Road Rage and Following Distances

I’ll be honest here: road rage scares me a bit. I was in a situation several years ago where a person was angry with my driving (not fast enough in the right lane of a three-lane highway), passed me, pulled in front of me and STOPPED. In the middle of the highway. He got out of his car and started walking my way. Fortunately, I’d left enough room between us that I could pull away while he was on foot.

Who knows what he would have done if I’d not driven away? (Fortunately, he was subsequently pulled over by police.)

But the bigger question is: why the heck is slow driving (or fast driving, or cutting off, or whatever) a reason to get furious and sometimes violent?

(Answer: it’s not.)

That said, I commute in rush hour in the mornings and have several spots on the freeway where I need to move over several lanes in order not to “exit only.” There are another two places where the right lane ends. Plus, of course, all of the traffic merging from on-ramps. And all of the people who are just trying to get where they need to go.

I’d noticed myself slowly becoming a more and more aggressive driver.

Finally, I decided to relax. Driving aggressively makes the roads more dangerous and make me stressed out. I’m going to get to work in the morning whether that jerk in the blue car is in front of me or behind me. (And do you really want to be in front of someone who drives like that?) So I leave a little more room between me and the car in front of me. I let people move over and merge. I listen to some music or audiobooks.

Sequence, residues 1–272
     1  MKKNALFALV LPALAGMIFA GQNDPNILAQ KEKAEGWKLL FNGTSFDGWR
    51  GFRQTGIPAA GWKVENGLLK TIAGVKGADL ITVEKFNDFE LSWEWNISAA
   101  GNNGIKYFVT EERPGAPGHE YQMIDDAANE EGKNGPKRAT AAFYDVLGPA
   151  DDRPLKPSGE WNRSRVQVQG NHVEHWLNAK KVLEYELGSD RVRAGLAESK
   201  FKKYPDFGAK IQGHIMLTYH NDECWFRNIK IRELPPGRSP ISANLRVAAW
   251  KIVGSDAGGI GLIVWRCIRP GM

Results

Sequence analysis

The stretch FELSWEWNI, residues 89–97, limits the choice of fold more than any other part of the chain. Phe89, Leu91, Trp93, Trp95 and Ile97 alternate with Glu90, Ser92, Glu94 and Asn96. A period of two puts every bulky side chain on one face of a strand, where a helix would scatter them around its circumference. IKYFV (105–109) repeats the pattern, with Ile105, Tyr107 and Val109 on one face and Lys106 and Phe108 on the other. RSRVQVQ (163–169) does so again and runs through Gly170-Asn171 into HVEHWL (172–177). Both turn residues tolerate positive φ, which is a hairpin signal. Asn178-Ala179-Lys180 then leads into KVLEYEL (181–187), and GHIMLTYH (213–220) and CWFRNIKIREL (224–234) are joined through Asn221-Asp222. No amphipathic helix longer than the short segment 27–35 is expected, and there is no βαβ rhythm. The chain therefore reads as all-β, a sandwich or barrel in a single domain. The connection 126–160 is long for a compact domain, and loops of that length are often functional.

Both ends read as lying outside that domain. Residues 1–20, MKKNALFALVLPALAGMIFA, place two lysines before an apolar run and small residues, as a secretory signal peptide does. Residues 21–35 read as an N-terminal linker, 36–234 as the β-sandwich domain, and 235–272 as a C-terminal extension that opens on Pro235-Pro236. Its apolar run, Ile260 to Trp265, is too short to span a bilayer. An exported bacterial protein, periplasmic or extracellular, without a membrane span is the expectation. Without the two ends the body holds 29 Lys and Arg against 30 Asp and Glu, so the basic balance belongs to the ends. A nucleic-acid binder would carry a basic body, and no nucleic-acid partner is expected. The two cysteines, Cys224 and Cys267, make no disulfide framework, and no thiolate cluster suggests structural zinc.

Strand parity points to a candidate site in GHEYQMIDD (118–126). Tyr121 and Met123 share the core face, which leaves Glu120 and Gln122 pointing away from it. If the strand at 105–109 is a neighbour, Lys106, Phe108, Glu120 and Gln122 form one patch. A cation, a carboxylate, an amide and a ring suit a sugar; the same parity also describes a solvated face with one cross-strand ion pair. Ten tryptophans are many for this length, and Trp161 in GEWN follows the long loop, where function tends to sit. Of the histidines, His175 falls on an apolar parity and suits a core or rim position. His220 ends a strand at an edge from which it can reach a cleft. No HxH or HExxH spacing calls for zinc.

Tip: Funny audiobooks make the jerks on the freeway pretty irrelevant and the commute seem much shorter.

I feel bad for people whose lives are so out of whack that something so minor as another driver can completely set them off.

But what about when the freeway isn’t crowded and we’re going more than 20 mph? I’ve taken to leaving more following distance.

You know when someone rear-ends someone else on the freeway because they didn’t have time to stop? Assuming decent weather conditions, they didn’t have time because they were following too closely. Most of the traffic accidents here in metro Phoenix are not weather-related. It rarely rains. We never have ice. Very rarely fog. Occasionally dust. But plenty of people not paying attention.

Many of us think of tailgating as being very super-close to the vehicle in front of us. But if you’re only two or three car lengths behind the car in front of you and you’re going 75 miles an hour, you don’t have enough time to stop, even if you’re not distracted (radio, cell phone, text, GPS, passenger, food, make-up, etc.).

What I’ve started doing to help me with following distance is this: I look at the car in front of me and think: if they suddenly swerve to avoid hitting something in the middle of the lane, do I have enough time to miss it as well (and miss cars possibly in the other lane)? If the answer is no or probably not, then I leave a little more space.

Remember that your car is still moving full speed between the time that you notice that you need to slow down and the time your foot hits the brake, typically one to two seconds, and will continue to travel as you are slowing down (unless you are going very slowly to start with). Riding close to the car in front of you doesn’t really get you there faster (and folks who do this actually clog up traffic faster, because they need to keep braking to back off, so people behind them need to brake as well).

So take a deep breath, let people merge in front of you, leave some space so you can stop, and make everything a little safer for everyone.

What are you like on the freeway?

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